Yes I do but that doesn’t mean that it isn’t a thousand other things. My work belongs to ethnic literature, American literature, Caribbean literature, US Latino literature, Hemispheric literature, African Diasporic literature, NJ literature, post-colonial literature, literature of the fantastic, immigrant literature, the dictatorship novel—and many more. I don’t mind being described by a category if we understand that this not the defining category, that this category does not preclude my work’s ability to belong to countless other categories. If the category is exclusive then no, I do not wish to classify myself as ethnic literature. If the category allows me to be an endless serious of other things—well, then, I’m in.

What’s your weakness? (Mine is sweets!) (@Sheska)

I’m way too hard on myself. It stops me from writing as much as I could. I’m always jumping out of a piece of work because I’ll decide (often too early) that this story doesn’t have any potential. I’m really too quick to throw things away. It’s a stupid habit. You don’t become a good writer by only working on the pieces that smell good from the beginning. You get good at writing by sticking with even the stories that don’t look like they have a lot of potential. Sometimes we discover our best working by sticking around and to throw away things too early you’re really going to make life a lot harder for yourself. This is what they call in the business “tolerating the lameness.”  An important skill as an artist. Now of course there are some works that should be dumped on sight but usually we veto stories way too early and we should watch out for that.  If you’re too quick to vote a story off the island you’re probably too judgmental and that’s never going to help you become an artist.  Patience and tolerance will win the race always.

I teach 8th grade English in a small town on the Arkansas border with Oklahoma. My students are a mix of Hispanic (many are from Mexico or El Salvador), Hmong, Cherokee, and white. Nearly all are from families who are barely hanging on.
My students LOVE books. They love to write stories, especially fantasy. Fridays students come to my room for lunch to read what they have written. At the beginning of the year, I talked to them about books and writers I really enjoy, so they know about Oscar Wao and your background. So with these things in mind I have one question for them that I think would be good for my kids to hear and one from them. Why should art matter to an 8th grade kid in Arkansas? What did it mean to you at their age, especially as someone not from a wealthy family? Why should kids keep writing, keep reading during difficult times? (@Kien DeMent)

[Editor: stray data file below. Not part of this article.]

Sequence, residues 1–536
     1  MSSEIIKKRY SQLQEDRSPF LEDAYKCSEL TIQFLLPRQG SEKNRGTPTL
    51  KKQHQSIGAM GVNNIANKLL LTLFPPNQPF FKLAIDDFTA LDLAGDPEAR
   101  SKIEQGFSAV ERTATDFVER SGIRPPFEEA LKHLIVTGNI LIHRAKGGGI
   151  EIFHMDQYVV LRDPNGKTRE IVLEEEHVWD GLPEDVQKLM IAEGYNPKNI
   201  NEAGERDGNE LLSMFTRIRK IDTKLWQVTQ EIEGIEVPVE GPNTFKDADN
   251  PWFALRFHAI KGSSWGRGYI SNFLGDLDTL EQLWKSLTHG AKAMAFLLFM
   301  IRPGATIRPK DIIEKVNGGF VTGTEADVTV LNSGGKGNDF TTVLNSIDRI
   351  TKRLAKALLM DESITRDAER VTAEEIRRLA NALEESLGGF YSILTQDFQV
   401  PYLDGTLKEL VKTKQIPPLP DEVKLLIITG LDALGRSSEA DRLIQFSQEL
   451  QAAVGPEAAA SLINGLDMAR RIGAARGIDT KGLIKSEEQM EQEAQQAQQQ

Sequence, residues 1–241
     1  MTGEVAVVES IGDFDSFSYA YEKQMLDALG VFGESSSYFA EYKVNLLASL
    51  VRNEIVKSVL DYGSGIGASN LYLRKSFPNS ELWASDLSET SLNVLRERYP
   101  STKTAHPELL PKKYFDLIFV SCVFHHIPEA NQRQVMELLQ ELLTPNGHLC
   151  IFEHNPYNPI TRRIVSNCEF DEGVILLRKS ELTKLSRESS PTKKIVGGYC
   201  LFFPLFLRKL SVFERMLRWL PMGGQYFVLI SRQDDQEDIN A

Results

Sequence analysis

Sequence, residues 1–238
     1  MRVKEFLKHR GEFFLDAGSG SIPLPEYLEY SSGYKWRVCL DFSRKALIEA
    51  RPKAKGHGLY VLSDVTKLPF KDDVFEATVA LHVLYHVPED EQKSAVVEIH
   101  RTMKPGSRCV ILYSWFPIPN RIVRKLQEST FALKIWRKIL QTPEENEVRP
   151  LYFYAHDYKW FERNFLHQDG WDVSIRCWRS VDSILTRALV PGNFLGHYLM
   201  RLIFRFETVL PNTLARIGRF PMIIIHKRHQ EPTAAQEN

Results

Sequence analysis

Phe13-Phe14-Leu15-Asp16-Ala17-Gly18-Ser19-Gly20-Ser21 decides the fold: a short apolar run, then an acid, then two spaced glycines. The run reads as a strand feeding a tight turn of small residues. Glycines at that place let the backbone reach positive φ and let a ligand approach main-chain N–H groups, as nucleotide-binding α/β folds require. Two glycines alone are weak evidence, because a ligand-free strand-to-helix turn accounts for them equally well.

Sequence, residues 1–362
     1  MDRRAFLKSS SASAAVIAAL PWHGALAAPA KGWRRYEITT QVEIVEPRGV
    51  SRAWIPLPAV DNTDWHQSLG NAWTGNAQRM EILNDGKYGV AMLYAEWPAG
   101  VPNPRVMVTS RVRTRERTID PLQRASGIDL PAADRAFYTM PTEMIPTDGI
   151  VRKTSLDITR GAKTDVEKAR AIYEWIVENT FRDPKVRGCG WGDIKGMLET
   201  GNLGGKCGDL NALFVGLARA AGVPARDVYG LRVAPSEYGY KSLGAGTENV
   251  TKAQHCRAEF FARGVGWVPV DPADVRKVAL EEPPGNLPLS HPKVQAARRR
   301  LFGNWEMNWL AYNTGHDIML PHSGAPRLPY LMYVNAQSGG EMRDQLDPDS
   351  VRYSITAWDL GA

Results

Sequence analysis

Everything about our world is trying to rank you, to classify you, to make you compete and to exist in a hierarchy, which if you grew up poor like me, means you’ll be at the absolute bottom of the ladder. This is a world that wants you to feel like crap because you’re poor or different or an immigrant.

Art on the other hand isn’t trying to make you feel crap about yourself—it isn’t telling you to compete or to put some one else down or grab all the money you can. Art at its best is trying to remind us that we are beautiful and worthy and extraordinary–not because we look good or have money or are prosperous—but simply because we are. The world outside of money and competition and politics tries to take you apart but art when it does its job will give us back to ourselves in the best way possible.  In art we find refuge from that world outside that wants to eat us, in art we find the strength we need to keep going as people, as students, to hold onto our true human virtues and to reject those that companies and our politicians are trying to push on you. When we engage profoundly in art, it puts us in contact with other human souls in struggle, frail and confused but hoping and striving; art reminds us that we are not alone and, most important of all, art, when it works best, give us hope that we can break all the chains which bind us, we can become the person we’ve always dreamed of becoming. Not easily, not without great trials and hardships, but it is possible and art can inspire such audacity, such courage. This is precisely why an 8th grader in Arkansas is going to need art. Precisely why I needed it. I grew up in a family of five siblings, my mom raising us alone on welfare, food stamps, and housing subsidies. I doubt I would have ever found the strength or the courage to get to college if it hadn’t been for my reading and writing. I doubt I would have avoided all the million pitfalls that await a poor immigrant brownboy in a neighborhood like mine. In my case, my love of reading, of literature, my love of this precious art, was the very thing that saved me. Even if I’d never decided to become a writer, books would have given me the extra hope I needed to face what I have to face.  For a poor immigrant kid this can be a terrible world but without the company of art it would have been, to me at least, impossible.

For more from Junot Díaz, check out his thoughts on crafting a killer narrative voice, and if you haven’t already entered our narrative voice contest, to be judged by the master author himself—get going! You have until November 30 to submit.